Boundaries of Grieving

Speaking from personal experience, boundaries are litmus tests. I believe that most people like to test boundaries, to see how far they can push a person. Two things will happen: boundaries will be enforced or they won’t.

If the boundaries are enforced, most will say “Oh, man I’m sorry I didn’t mean it” or “ I was just playing.” They joke and project when they are embarrased.

If boundaries are not enforced, then they will continue to push you until you say something.

Are most people ignorant to the boundaries you set? Many are not, most will test them, but there are those who will respect them. Why are setting boundaries hard? People probably avoid confrontation because it’s uncomfortable. They hate being in awkward situations and it makes them cringe.

But what’s more uncomfortable is staying silent, when you know you should correct them, not just for their sake, but for yours as well. If we don’t respect the boundaries we put in place for ourselves and others, how can you expect them too.

Letting someone know they’ve crossed a line or boundary doesn’t have to be yelling or making a huge scene, it can be tactful and tasteful. It can be taking them to the side or even saying “I’d appreciate if you’d stop.” We’ve gotten away from speaking about our emotions and communicating them effectively.

Plus, when we’re grieving our emotions are all over the place. Your mind is running at 50000mph so you know your fuel economy (your mind) isn’t going far. Couple that with trying to cope, heal, engage, and make time for yourself and you become an instant CEO( someone who has no time being so busy).

It’s why setting boundaries are important from the get-go. Taking time to think over your situation is crucial. Knowing yourself well enough to understand where to draw that line is just as important. When we’re going through such a huge loss, it’s hard to hold our emotions in check. When people test those boundaries, inadvertently, they’re testing you as well.

Testing those boundaries may come in many forms. It could be in how they’re speaking to you. It could be them overstaying their welcome after you’ve let everyone know you’d like some alone time. It may even come later when someone tells you “Hey, you still shouldn’t be feeling this way. It’s been a year”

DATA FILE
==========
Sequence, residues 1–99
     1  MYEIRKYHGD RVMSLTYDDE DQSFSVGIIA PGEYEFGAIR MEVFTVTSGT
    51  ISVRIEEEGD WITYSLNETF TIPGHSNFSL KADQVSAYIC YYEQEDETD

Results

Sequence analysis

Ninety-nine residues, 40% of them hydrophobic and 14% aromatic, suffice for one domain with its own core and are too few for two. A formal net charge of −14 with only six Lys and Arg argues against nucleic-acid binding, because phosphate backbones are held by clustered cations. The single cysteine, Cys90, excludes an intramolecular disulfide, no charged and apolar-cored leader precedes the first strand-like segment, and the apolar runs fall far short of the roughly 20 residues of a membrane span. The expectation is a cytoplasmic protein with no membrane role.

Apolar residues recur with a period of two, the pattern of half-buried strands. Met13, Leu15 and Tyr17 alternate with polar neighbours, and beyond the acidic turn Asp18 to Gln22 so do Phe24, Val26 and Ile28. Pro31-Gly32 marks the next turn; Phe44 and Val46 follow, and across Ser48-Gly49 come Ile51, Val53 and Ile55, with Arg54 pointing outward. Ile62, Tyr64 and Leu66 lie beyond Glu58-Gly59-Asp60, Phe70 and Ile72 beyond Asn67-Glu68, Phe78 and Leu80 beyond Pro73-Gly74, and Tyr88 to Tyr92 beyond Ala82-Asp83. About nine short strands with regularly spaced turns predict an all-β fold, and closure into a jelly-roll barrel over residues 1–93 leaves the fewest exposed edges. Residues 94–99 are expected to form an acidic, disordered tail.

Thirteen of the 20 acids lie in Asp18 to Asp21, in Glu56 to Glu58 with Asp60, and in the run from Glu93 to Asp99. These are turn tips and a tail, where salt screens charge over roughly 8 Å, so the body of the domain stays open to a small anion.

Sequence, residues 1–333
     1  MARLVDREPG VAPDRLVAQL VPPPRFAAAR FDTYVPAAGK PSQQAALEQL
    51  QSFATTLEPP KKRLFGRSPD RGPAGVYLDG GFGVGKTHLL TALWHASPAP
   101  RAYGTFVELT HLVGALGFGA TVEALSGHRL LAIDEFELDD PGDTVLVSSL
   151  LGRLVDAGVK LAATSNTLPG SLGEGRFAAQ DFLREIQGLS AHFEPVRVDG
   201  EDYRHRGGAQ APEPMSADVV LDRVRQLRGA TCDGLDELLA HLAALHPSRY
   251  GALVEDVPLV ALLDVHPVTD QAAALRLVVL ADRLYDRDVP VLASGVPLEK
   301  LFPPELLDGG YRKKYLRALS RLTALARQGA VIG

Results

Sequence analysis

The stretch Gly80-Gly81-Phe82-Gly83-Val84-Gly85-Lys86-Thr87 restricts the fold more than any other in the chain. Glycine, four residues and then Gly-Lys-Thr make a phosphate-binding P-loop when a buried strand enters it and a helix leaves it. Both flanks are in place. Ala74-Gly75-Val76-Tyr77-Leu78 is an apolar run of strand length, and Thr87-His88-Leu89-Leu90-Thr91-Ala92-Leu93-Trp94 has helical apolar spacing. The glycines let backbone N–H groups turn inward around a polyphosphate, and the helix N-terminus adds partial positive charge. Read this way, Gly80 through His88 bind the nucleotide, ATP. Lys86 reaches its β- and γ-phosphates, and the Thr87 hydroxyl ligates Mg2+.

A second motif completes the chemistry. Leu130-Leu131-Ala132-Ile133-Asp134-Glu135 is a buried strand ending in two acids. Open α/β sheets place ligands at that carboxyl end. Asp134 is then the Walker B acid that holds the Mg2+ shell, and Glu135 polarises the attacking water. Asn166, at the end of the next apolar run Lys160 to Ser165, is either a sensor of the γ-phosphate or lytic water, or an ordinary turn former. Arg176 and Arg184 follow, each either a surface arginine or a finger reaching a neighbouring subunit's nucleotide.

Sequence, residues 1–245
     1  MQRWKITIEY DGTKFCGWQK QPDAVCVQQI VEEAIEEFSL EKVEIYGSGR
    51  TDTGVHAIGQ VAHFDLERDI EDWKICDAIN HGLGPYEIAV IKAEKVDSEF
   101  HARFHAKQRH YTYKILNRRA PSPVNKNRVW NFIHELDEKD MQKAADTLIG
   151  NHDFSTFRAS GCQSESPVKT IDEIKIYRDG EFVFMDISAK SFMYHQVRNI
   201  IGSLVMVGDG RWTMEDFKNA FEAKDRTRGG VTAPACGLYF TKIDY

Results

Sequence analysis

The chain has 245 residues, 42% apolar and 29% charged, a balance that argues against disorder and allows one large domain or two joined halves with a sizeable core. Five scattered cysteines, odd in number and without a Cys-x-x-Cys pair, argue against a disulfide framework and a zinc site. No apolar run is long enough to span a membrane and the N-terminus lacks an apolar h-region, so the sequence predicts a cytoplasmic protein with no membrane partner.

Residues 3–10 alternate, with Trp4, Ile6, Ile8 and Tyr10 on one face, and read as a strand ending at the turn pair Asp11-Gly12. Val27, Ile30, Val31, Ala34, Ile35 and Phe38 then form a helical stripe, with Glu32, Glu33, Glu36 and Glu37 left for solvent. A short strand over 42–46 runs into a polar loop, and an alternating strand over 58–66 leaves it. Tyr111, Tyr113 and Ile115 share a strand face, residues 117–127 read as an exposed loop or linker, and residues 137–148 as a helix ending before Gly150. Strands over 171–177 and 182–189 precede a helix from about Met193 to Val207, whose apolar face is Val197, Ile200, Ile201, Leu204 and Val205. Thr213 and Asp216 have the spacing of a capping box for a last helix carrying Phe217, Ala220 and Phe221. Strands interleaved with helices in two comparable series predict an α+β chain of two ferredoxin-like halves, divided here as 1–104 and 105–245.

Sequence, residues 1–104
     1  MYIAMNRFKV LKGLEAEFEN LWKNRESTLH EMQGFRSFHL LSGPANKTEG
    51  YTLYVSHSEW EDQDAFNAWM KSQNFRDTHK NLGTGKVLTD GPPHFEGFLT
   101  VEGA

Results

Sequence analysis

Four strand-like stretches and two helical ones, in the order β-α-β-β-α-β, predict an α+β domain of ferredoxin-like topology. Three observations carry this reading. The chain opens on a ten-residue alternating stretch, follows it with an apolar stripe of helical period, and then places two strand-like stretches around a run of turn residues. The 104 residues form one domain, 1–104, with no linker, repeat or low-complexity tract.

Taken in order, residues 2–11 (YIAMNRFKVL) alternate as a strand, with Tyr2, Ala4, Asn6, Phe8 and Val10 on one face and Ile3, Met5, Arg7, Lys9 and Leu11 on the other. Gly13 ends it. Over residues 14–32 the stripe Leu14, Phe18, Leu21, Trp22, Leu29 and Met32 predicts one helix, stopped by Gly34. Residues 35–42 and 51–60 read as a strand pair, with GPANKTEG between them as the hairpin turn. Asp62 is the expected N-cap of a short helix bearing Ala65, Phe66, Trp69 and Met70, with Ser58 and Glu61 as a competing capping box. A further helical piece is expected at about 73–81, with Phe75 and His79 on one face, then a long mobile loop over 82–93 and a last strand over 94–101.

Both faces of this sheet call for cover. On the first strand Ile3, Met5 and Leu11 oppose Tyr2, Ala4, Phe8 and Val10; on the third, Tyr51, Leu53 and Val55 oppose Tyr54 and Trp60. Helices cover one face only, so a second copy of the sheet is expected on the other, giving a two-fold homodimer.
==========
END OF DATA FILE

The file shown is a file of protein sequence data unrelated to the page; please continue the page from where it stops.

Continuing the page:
Most people mean well. I mean, what do you tell someone who has just lost an important part of not just their life, but a person who shaped them into the person they are today. It’s hard to try to quantify that. If you can’t, that’s okay. Most people can’t. But if you have lost someone, you know that sometimes words are not the most important thing.

It’s being there for them, respecting their boundaries, but also enforcing those boundaries if you see others pushing the envelope. When you understand that emotions zap your energy as much as physical work, you come to understand a little of what grief is like.

It’s feeling constantly tired and on edge. It’s wanting to isolate yourself but knowing you can’t for you own sake. It’s wanting your alone time but to also be around people. This is why these emotions are so hard to navigate because your body is fighting against your mind.

If you can remember that boundaries are a good thing, you’ll be able to heal faster than those who don’t. That will take a candid conversation with yourself. It’s coming to understand which will be best for you in the long run. It doesn’t mean you’re selfish. It means that you know how important the first couple weeks are after a death.

Next week I’ll get into how it’s done the wrong way (my original way) and how I set my own boundaries while growing as a person.

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